Using reflective processes to promote attention to diversity in schools: a study of practice in Chile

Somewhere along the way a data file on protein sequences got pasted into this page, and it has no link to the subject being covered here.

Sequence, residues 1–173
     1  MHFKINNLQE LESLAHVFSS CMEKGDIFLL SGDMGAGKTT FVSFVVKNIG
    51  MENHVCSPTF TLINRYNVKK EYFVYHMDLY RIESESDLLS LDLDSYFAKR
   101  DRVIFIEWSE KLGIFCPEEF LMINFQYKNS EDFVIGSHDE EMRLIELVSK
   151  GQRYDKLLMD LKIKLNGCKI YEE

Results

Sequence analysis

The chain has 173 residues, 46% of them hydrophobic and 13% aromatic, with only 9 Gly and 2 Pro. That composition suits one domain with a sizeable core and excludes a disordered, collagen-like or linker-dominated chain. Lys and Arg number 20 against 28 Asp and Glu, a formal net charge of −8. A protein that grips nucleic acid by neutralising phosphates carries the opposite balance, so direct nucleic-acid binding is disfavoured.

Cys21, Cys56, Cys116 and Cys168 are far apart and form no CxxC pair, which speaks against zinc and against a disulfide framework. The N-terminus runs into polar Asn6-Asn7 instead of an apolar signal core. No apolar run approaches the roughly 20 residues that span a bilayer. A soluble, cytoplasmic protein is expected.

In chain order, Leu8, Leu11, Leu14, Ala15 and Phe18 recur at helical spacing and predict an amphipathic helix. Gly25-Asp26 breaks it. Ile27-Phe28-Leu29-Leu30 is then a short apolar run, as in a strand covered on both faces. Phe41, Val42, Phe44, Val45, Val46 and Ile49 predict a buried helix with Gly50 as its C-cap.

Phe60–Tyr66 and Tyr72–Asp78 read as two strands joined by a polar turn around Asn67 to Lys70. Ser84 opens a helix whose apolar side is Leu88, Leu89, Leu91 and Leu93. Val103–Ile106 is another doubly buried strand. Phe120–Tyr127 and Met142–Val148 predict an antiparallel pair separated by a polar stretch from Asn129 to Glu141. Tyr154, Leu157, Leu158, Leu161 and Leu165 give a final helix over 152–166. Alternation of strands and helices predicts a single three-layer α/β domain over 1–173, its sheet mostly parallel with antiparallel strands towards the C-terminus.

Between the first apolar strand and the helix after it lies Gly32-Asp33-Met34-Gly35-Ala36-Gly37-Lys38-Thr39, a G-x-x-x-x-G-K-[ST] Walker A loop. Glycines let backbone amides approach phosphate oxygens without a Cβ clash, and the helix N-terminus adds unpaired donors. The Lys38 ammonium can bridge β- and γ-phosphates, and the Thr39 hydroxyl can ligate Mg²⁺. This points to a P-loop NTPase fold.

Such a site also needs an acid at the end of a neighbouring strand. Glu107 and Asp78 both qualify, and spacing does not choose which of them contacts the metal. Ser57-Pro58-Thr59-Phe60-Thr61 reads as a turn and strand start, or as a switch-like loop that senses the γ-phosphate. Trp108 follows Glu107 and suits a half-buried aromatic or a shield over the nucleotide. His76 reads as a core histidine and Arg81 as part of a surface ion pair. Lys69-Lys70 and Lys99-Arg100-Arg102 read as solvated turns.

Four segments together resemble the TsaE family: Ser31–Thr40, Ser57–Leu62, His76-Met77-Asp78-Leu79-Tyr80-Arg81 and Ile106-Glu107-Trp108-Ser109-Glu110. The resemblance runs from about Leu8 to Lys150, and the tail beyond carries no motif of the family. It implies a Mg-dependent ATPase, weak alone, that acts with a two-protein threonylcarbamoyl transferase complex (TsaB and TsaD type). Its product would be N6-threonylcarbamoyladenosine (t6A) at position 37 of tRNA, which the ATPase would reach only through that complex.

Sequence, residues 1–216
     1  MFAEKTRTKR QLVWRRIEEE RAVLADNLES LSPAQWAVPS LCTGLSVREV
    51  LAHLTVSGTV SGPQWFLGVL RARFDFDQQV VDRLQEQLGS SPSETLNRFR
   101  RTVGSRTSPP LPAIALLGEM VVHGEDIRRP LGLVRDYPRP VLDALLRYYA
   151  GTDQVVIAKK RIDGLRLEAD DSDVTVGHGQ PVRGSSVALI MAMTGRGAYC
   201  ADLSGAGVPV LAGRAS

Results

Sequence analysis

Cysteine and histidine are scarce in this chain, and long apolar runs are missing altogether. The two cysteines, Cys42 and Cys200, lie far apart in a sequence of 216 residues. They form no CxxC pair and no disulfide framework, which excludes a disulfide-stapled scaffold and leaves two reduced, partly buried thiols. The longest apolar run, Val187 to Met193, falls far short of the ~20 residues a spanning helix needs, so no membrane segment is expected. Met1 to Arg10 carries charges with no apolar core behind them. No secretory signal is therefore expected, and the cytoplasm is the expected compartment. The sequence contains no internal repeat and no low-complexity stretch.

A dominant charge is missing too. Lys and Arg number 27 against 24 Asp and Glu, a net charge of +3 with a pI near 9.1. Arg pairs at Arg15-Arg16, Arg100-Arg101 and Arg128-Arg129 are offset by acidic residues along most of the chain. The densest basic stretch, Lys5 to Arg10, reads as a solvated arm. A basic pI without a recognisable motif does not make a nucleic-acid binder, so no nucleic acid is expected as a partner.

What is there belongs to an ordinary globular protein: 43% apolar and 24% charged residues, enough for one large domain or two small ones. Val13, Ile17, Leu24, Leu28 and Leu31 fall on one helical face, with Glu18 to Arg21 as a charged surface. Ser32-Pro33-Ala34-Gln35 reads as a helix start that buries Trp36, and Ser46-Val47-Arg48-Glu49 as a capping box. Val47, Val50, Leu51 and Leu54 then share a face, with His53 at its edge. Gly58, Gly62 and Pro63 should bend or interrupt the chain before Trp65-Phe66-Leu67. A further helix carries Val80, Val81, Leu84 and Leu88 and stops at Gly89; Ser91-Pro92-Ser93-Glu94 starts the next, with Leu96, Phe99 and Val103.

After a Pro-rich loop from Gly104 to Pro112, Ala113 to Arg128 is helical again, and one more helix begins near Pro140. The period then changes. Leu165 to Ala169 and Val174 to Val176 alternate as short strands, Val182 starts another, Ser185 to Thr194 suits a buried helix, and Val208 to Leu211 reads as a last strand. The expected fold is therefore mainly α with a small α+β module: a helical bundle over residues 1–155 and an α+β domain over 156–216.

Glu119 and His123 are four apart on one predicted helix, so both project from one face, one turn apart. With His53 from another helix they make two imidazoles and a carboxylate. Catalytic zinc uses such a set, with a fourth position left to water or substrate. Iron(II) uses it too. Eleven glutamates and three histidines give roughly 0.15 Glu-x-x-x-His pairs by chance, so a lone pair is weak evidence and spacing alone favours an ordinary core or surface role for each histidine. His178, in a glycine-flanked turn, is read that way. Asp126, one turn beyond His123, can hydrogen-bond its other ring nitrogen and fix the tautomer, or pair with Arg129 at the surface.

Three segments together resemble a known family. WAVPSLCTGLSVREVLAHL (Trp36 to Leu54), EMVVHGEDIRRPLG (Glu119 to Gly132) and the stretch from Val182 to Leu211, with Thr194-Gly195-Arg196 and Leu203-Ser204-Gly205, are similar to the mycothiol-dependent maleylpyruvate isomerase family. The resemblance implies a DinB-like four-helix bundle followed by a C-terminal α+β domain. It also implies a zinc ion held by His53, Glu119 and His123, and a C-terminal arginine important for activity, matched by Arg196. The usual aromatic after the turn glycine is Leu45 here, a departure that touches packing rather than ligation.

Over the last decade or so, various writers have argued that inclusive practices are more likely to be developed when school communities are involved in collaborative processes of inquiry, reflection and action in order to learn how to respond to learner diversity. Bearing this in mind, the research reported in this thesis set out to throw light on how educational communities in Chile can develop sustainable inclusive policies, cultures and practices. More specifically, the study explored strategies for encouraging those within schools to develop reflective communities that are able to analyse and minimise barriers to the presence, learning and participation of their members. It also analysed whether such reflective processes led to better understanding and practices in relation to diversity and explored the roles researchers might play in order to facilitate meaningful reflective processes. The research was carried out in two schools with different characteristics: Gabriela Mistral School, in the city of Santiago, is one of the pioneer schools in the country in integrating disabled students, whilst Nelquihue School is located in one of the most isolated rural areas of Chile and responds to a high population of ‘Mapuche’ ethnic students. Guided by literature on action research, the study made use of an inclusive action research model that guided the process in both schools. This model emphasises the need to concentrate efforts on the promotion of reflective practitioners, as well as reflective communities. It also involves a process that was planned to be owned and coordinated by a team of co-researchers. Although the researcher is Spanish, she has a good knowledge of the culture of the country, as a result of living and working in Chile for five years as a field officer for UNESCO. During a period of nine months she closely engaged in the two schools facilitating the action research model; accompanied school members in the implementation of the process; and carried out an ethnographic study of each school. All of this led to the adaptation of the approach in each context. Data generated by teachers’ interviews, focus groups and activities with students, and observations of lessons were presented to school staff in individual interviews and school workshops. These events were intended to challenge teachers and other professionals to question their own underlying theories about the diversity of their students and their teaching; and see how their beliefs, values and attitudes affected their practices. This process also provided opportunities for school members to analyse the values embedded in its culture and make decisions about how to give steps to put them into action in order to provide school members with meaningful learning experiences. A limitation of the study is that the research processes were developed in two very distinctive schools in Chile. Given their characteristics, these schools cannot be considered as representative of Chilean schools. However, a distinctive strength of the study is the long period of time the researcher was closely involved with the schools, which is unusual in educational research studies. As a consequence, the study makes well-informed suggestions about how researchers can collaborate in the implementation of action research processes that are flexible to school conditions, even in challenging circumstances. The thesis draws conclusions about ways in which reflective processes can help to minimise defensive attitudes amongst school members and engage them in challenging their own thinking about how they can create ways of working that can reach every child, whatever their characteristics or personal circumstances. However, the evidence presented is insufficient to guarantee the sustainability of these reflective processes. This would warrant further research.